The future of clean fuel
September 2, 2008
There is a quantum leap about to take place in the development of clean fuel thanks to the “big oil titans” of today.
The political talk of today is filled with should we drill or not drill off-shore or inland to rid the United States’ dependency on foreign oil. Also the headlines are filled with talk of solar, wind and ethanol as alternative sources of energy. And at the same time the oil and gas industry are investing billions of dollars that natural gas and its liquefied counterpart will replace gas from oil as the future fuel for the transportation industry. Experts see natural gas as the only economically feasible way to build a new, cleaner, less-polluting transportation industry.
Here is how. Hydrogen engines run on fuel developed from natural gas more cheaply than currently available supplies from fossil fuels. Natural gas contains only one part carbon and four parts hydrogen atoms per molecule, meaning that natural gas is the cleanest of fossil fuels. Through a process called “steam reformation” carbon is separated from the hydrogen.
There are more than 14,000 vehicles in the United States that run on natural gas today. The fuel for these vehicles is provided by more than 170 stations in North America. G.M. and Clean Energy Fuels provide the natural gas for these stations. G.M. and Honda have recommend building clusters of hydrogen-fueling stations, first in Los Angeles and New York and adding new stations in major urban centers. The first of these stations will be built later this year in L.A.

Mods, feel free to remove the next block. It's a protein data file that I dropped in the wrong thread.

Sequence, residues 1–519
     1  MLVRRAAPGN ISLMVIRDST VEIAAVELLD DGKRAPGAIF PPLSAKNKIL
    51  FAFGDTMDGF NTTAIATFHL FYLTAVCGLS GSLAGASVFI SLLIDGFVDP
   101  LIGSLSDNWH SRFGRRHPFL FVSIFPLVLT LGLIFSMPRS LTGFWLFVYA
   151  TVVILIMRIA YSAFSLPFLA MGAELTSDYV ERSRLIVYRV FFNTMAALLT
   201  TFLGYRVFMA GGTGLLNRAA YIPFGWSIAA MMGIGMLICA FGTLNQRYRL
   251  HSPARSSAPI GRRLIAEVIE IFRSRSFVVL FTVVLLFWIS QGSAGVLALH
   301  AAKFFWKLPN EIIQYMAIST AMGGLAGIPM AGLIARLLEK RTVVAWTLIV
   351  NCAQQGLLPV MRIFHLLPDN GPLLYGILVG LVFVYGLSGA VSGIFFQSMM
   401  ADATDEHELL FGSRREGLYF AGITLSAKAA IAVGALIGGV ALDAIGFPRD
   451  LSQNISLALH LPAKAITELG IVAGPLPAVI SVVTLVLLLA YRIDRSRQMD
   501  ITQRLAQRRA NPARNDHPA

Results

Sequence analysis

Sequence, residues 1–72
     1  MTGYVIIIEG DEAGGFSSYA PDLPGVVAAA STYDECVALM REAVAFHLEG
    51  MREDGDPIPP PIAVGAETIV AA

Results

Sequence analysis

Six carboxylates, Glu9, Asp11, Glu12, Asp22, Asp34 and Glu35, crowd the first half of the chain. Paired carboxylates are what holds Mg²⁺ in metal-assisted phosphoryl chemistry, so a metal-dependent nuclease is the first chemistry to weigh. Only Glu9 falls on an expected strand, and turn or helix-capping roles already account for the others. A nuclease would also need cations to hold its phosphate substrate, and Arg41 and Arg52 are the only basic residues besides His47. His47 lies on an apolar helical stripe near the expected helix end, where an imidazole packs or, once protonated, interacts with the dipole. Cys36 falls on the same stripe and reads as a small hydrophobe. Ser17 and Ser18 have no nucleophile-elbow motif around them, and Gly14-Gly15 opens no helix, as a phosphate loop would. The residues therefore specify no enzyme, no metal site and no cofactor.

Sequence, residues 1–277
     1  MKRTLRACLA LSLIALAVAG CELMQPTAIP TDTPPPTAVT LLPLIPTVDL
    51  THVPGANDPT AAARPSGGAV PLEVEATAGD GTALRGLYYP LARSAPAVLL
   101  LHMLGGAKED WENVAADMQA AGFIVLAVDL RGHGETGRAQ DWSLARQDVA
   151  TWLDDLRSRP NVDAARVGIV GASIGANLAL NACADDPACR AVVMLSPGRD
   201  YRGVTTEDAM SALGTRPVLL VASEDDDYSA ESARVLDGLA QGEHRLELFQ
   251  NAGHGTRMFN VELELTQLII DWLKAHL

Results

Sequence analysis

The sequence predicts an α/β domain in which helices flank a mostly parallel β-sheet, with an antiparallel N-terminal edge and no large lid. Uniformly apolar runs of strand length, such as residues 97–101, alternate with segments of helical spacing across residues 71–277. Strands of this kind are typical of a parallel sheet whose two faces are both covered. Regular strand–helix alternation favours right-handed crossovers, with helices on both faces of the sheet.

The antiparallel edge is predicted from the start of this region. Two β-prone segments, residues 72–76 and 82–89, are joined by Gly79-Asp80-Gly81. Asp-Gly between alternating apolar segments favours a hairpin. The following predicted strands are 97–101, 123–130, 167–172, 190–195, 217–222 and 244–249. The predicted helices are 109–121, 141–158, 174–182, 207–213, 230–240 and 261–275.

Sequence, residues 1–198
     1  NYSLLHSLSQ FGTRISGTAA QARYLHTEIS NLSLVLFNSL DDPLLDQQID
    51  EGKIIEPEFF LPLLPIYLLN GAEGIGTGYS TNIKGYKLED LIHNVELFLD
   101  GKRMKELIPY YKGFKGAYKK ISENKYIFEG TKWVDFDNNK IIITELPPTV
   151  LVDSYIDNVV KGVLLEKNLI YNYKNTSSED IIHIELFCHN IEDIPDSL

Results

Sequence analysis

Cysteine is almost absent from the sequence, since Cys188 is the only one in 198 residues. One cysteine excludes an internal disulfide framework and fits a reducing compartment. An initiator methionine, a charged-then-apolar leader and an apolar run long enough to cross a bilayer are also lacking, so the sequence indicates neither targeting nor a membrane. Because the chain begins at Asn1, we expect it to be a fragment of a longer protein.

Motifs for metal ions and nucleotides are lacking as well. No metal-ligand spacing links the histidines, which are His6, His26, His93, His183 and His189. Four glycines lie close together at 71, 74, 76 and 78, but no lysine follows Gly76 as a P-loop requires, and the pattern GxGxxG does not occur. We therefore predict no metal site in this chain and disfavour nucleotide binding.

Reps. Rahm Emmanuel (D-Ill.) and Dan Boren (D-Okla.) introduced a bill that aims to have 10 percent of all vehicles in the United States be powered by natural gas by the year 2018. T. Boone Pickens favors natural gas as a way to alleviate the transportation sector’s dependence on oil. Warren Buffet’s Mid-America Energy purchased the Kern River pipeline in 2002, a major player in the transportation of natural gas.
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In the United States the capacity of pipelines exporting natural gas produced in the Rocky Mountains to market rose by more than 45 percent between 2001 and 2006. Several transcontinental pipelines connecting U.S. markets with natural gas fields in Canada are under construction, the most ambitious of which is the 3,600-mile Alaskan pipeline.
On the international scene we find the following: Royal Dutch Shell and Qatar Petroleum have partnered in new Qatar-based projects. Shell will spend more than $20 billion developing liquefied natural gas (LNG) plants in Russia. Statoil will spend $10 billion building a LNG plant in Stavanger, Norway (considered to be the Houston of that nation). Chevron is developing natural gas fields in Australia. Exxon is developing natural gas fields in Russia, Nigeria and Qatar.
The scary irony in all of this is that a small number of countries ” Russia, Iran, Qatar and Saudi Arabia ” control the vast majority of the world’s natural gas reserves. The world will soon face having to deal with a “natural gas cartel.”
Harry Temple III